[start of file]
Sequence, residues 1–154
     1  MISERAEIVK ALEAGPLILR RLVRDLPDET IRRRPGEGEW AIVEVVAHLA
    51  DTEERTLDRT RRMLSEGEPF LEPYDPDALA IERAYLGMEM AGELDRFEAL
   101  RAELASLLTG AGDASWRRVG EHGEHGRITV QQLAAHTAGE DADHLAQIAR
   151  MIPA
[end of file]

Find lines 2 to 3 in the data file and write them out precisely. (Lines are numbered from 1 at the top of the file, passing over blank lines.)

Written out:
     1  MISERAEIVK ALEAGPLILR RLVRDLPDET IRRRPGEGEW AIVEVVAHLA
    51  DTEERTLDRT RRMLSEGEPF LEPYDPDALA IERAYLGMEM AGELDRFEAL